DIGIT
DIOPTRE
acids
.
Fats
are broken down into
glyc-
erol
,
glycerides, and
fatty acids
.
In the mouth, saliva lubricates food and
contains enzymes that begin to break
down carbohydrates. The tongue moulds
food into balls (called boli) for easy swal-
lowing. The food then passes into the
pharynx. From here, it is pushed into
the oesophagus and squeezed down
into the stomach, where it is mixed with
hydrochloric acid and pepsin. Produced
by the stomach lining, these substances
help break down proteins. When the food
has been converted to a semi-liquid con-
sistency, it passes into the duodenum
where bile salts and acids (produced by
the liver) help to break down fats.
Digestive juices released by the pancreas
into the duodenum contain enzymes
that further break down food. Break-
down ends in the small intestine, carried
out by enzymes produced by glands in
the intestinal lining. Nutrients are ab-
sorbed in the small intestine. The residue
enters the large intestine, where water
is absorbed. Undigested matter is ex-
pelled via the rectum and anus as
faeces
.
DIGESTIVE SYSTEM
Pharynx
Salivary
glands
Oesophagus
Stomach
Liver
Rectum
Anus
Pancreas
Gallbladder
Small
intestine
Large
intestine
Appendix
digit
A division, such as a
finger
or
toe
,
located at the end of a limb.
digitalis drugs
A group of drugs that
are extracted from plants belonging to
the foxglove family. They are used to
treat heart conditions, most commonly
atrial fibrillation
.
Those most frequently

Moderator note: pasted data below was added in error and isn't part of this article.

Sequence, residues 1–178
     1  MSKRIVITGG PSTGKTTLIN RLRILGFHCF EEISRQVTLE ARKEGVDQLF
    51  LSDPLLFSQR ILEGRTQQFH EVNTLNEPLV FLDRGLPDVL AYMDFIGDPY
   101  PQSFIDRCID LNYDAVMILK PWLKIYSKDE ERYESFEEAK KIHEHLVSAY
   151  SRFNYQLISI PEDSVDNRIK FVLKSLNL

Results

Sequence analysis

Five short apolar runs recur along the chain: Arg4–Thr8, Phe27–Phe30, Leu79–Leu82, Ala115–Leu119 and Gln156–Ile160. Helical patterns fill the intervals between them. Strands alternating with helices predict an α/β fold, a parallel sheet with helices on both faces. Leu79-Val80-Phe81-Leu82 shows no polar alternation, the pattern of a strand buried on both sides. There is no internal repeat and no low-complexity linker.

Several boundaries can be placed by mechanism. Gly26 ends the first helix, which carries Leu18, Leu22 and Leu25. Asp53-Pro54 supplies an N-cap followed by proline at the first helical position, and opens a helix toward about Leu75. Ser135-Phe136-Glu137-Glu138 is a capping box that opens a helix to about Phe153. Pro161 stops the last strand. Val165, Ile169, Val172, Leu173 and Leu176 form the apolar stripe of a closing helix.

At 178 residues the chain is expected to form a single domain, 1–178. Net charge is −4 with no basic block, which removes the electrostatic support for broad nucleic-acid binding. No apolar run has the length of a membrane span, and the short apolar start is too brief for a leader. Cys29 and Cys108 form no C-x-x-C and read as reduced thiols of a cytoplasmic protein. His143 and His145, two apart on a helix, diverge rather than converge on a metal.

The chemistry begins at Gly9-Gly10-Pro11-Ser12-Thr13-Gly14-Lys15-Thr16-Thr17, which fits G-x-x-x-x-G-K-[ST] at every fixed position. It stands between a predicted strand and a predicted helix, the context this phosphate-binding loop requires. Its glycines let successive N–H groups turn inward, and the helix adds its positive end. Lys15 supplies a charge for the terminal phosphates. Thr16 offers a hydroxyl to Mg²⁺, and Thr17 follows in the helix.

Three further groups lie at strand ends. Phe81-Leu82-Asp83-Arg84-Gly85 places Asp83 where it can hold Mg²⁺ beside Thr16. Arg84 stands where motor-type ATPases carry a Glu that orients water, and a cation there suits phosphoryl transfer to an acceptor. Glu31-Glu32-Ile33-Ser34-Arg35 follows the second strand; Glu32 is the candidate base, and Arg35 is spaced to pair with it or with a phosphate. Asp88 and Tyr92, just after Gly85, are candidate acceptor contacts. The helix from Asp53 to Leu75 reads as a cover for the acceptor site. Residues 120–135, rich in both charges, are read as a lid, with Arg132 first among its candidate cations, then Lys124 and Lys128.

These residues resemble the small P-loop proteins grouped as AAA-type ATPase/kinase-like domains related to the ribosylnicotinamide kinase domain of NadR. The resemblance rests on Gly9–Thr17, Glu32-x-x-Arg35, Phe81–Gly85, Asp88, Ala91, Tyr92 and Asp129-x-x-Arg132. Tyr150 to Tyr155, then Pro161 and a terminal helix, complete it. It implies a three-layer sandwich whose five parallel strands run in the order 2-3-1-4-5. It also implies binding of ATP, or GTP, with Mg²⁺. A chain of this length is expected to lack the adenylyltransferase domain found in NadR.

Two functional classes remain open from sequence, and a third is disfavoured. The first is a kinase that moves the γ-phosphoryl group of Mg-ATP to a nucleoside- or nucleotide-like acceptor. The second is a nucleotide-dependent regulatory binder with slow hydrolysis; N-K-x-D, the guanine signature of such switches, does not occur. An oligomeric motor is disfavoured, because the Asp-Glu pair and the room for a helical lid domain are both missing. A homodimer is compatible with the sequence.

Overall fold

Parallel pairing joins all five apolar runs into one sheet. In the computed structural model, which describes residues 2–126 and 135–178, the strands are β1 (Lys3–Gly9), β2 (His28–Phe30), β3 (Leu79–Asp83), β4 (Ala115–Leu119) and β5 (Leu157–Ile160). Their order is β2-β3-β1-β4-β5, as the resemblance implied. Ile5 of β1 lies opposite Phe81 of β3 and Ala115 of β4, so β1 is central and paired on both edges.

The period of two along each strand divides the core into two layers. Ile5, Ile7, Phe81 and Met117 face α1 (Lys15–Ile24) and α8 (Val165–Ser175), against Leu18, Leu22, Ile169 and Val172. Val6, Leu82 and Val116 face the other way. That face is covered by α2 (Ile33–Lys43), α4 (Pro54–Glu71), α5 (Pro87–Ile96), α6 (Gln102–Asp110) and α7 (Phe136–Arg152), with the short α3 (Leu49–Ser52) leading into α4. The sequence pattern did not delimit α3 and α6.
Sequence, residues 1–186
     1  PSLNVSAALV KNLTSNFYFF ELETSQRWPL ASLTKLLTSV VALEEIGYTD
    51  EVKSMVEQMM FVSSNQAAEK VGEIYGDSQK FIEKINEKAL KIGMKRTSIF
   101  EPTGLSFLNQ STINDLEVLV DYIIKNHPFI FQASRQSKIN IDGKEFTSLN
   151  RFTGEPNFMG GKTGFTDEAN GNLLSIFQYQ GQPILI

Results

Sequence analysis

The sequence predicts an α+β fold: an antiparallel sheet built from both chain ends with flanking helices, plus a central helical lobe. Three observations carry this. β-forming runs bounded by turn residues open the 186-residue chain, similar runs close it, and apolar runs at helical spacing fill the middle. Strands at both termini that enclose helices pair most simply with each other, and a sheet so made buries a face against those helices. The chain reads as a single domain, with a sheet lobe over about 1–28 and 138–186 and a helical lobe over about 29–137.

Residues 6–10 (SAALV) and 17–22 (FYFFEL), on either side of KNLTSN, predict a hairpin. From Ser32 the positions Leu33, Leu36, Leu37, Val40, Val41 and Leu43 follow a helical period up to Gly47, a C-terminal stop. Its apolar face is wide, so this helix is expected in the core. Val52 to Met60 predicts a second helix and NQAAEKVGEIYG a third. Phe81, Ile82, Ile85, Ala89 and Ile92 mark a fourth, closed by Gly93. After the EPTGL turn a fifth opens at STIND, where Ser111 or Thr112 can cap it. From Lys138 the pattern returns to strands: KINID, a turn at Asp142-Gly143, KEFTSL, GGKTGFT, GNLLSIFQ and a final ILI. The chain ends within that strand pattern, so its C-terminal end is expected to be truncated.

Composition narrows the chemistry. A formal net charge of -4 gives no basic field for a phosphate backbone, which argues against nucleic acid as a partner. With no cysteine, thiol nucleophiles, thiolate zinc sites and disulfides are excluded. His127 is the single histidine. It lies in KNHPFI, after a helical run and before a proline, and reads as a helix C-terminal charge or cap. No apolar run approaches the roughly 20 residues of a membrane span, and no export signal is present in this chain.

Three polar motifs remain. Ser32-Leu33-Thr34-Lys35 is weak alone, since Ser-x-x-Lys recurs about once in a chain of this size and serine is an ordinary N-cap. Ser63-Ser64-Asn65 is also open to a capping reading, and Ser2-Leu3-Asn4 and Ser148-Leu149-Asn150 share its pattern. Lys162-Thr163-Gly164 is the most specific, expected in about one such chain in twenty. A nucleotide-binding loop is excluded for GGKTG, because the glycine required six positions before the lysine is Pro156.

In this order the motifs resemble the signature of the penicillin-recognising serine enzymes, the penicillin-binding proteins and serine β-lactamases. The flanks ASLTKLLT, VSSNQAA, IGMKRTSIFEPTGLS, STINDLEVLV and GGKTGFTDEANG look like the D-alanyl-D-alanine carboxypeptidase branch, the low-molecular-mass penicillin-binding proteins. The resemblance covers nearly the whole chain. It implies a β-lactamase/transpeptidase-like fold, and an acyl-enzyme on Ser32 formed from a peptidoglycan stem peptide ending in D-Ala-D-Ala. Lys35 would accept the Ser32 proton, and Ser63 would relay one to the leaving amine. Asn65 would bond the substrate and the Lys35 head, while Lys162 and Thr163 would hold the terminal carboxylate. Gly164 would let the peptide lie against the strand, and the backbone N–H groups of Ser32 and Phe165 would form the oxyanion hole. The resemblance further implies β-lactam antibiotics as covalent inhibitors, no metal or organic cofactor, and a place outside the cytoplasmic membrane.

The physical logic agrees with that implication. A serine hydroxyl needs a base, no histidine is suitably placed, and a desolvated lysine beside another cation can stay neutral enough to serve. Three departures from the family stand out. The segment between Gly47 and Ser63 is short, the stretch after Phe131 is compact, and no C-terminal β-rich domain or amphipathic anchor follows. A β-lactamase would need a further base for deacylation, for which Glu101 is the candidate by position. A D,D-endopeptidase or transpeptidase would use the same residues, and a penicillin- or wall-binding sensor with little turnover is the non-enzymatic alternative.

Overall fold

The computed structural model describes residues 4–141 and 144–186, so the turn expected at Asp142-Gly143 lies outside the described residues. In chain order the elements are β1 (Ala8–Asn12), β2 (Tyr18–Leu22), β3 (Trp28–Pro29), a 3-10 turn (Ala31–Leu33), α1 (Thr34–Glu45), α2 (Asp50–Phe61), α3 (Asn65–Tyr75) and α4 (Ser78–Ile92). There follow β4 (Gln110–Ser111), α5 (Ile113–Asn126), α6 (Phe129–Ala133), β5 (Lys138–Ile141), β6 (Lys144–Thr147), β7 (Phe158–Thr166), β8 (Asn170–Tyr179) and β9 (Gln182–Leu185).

used are
digitoxin
and
digoxin
.
digital subtraction angiography
See
angiography
.
digitoxin
A long-acting
digitalis drug
used to treat
heart failure
and certain
types of
arrhythmia
.
digoxin
The most widely used of the
digitalis drugs
.
It is used in the treat-
ment of
heart failure
and certain types
of
arrhythmia
,
such as
atrial fibriilation
.
Blood tests may sometimes be needed
to ensure the correct digoxin dose, esp-
ecially in patients with kidney disease.
An excessive dose may cause headache,
loss of appetite, nausea, and vomiting.
Digoxin occasionally disrupts the nor-
mal heartbeat, causing
heart block
.
dihydrocodeine
A type of
analgesic
drug
. Its side effects include nausea
and vomiting.
dilatation
A condition in which a body
cavity, tube, or opening is enlarged or
stretched due to normal physiological
processes or because of disease. The
term dilatation also refers to proce-
dures for achieving such enlargement,
as in dilatation and curettage.
dilatation and curettage
See
D and C
.
dilation
A term that is sometimes used
as an alternative to
dilatation
.
dilator
An instrument for stretching and
enlarging a narrowed body cavity, tube,
or opening.
diltiazem
A
calcium
channel blocker
used in the treatment of
hypertension
and
angina pectoris
.
Side effects may
include headache, appetite loss, nau-
sea, constipation, and swollen ankles.
dimeticone
A silicone-based substance,
also known as simeticone, that is used
in
barrier creams
and as an antifoaming
agent in
antacid
preparations.
dioptre
A unit of the power of
refraction
(“strength”) of a lens; the greater the
power, the stronger the lens. Lenses
that cause parallel light rays to con-
verge have a positive dioptric number
and are used to correct longsightedness
174
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